So what happens: Longshot, primarily known as the three-fingered hero from the Mojoverse, appears in New York City on the run from enemies unknown and with a severe case of amnesia as he embarks of a fairy-tale like quest searching for a kidnapped infant taking the company of a paranoid survivalist, a mysterious anamorphic dog-like being only the main character encounters and a the missing child's single-mother. Their trek leads them to a clan of demons in their stronghold outside the city.

What’d you think: I’m actually not a fan of Longshot or the whole Mojo thing; having a reality-show themed murder world was extremely ahead of its time in the mid-80s, which is when I first began reading X-Men at the ripe old age of 9-years-old. The biting commentary regarding television network practices was lost on me at the time and nowadays been-there, heard that.

Ann Nocenti, whose comic career revived in DC’s New 52 reboot and authored an extremely underrated and overlooked Daredevil run in the 80s, seemingly cuts the book’s tether to reality. New York didn’t feel grounded in reality and as the issue progresses causing a loss of bearings as to where I am. Longshot has an intentional vagueness of a fable with general settings: city, the woods, demon world. You know you are in New York City but it doesn't feel that way.

Arthur Adams' art is a work-in-progress. He’s not the artist known for slick and beautifully rendered line work he produces today, but the pages drawn in 1985 do show a man evolving from traditional comic figures to an Americanized anime. The hyper detail is there, and at the time, rivaled George Perez. It should be noted the coloring process and technology 30 years ago was stone age quality and takes away from the visuals.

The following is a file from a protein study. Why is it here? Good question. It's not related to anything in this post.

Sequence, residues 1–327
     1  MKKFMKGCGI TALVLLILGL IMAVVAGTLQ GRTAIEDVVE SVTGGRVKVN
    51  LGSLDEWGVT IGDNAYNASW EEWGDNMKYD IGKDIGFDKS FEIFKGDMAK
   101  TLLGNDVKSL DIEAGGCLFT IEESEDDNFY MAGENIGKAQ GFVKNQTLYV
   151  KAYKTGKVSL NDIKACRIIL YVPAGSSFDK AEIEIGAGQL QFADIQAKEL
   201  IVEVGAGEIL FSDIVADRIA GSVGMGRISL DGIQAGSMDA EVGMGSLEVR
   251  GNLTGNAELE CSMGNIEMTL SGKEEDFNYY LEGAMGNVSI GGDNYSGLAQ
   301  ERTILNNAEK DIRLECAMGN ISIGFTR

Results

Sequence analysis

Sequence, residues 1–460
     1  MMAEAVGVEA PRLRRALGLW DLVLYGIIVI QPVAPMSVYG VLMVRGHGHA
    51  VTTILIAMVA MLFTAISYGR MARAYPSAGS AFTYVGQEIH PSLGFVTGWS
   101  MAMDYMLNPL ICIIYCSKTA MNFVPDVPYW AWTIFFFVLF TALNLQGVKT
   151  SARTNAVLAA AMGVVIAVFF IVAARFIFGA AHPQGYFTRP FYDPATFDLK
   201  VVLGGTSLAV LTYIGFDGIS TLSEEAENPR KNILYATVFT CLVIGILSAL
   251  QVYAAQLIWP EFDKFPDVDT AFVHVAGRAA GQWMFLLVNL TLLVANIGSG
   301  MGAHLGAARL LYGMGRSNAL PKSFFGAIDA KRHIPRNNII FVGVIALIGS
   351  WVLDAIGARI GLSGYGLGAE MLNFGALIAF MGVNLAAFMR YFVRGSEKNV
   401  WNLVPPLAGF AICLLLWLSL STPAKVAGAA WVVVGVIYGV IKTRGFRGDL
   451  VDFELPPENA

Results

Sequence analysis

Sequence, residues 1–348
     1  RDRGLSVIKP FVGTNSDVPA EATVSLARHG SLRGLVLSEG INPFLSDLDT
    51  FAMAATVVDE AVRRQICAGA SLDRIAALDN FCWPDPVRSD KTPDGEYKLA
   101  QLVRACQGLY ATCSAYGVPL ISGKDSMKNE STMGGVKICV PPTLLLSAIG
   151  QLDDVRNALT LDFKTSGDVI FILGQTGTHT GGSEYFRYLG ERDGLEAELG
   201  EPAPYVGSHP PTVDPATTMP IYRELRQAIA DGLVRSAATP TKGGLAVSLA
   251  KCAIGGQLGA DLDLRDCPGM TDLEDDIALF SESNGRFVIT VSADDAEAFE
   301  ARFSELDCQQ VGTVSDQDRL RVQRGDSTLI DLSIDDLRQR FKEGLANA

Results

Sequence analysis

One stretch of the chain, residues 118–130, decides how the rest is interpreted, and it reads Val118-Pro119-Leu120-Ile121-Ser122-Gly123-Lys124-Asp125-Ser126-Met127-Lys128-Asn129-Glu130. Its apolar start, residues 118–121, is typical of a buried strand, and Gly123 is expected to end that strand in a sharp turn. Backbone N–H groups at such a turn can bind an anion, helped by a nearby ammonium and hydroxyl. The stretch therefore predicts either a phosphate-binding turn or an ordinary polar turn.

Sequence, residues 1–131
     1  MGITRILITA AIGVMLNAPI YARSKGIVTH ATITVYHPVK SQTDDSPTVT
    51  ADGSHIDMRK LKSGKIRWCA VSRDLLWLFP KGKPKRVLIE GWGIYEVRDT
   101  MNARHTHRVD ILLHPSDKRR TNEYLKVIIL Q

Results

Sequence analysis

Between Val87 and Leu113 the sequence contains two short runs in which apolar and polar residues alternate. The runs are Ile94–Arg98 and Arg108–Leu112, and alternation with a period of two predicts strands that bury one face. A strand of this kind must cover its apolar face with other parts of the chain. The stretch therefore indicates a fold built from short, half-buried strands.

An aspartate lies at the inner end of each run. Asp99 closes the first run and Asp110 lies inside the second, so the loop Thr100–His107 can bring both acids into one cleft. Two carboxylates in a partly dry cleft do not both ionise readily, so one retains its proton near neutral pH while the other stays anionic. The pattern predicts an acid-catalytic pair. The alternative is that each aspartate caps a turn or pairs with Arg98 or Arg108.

Comic book movies rule, will I like this: Longshot doesn’t seem to be involved in the X-Men films, yet. He’s not really a prominent X-Man either hitting his stride in X-Men writer and creative godfather Chris Claremont’s run during the late 80s and early, early 90s. Longshot sporadically makes appearances here and there but, really, his time was up by the time the X-Men cartoon first aired on Fox. Fans who only partake of comic-related TV and film may want to skip over this one.

Is this online: This particular Longshot mini-series (there are others) at the time of this writing is not available via legal digital download. However the mini-series was collected in a 2008 hardcover and later in 2013 in softcover. The single issues and collections are available at online comic stores and many brick-and-mortar shops.

On a side note: When I look at the 1985 Longshot art, I can see where Rob Liefeld could have been influenced visually. Also, Art Adams will be at the 2015 HeroesCon in Charlotte, N.C.

Episode 348: Ask a Black Nerd Part 1

Pictured Left to Right:  Ted, Terence, Trevor

Dollar Bin Productions in conjunction with Ask a Black Friend, presents to you the very special episode of Ask a Black Nerd.  We opened up our lines (Facebook) and you asked questions.  You may not like them, but here are your answers.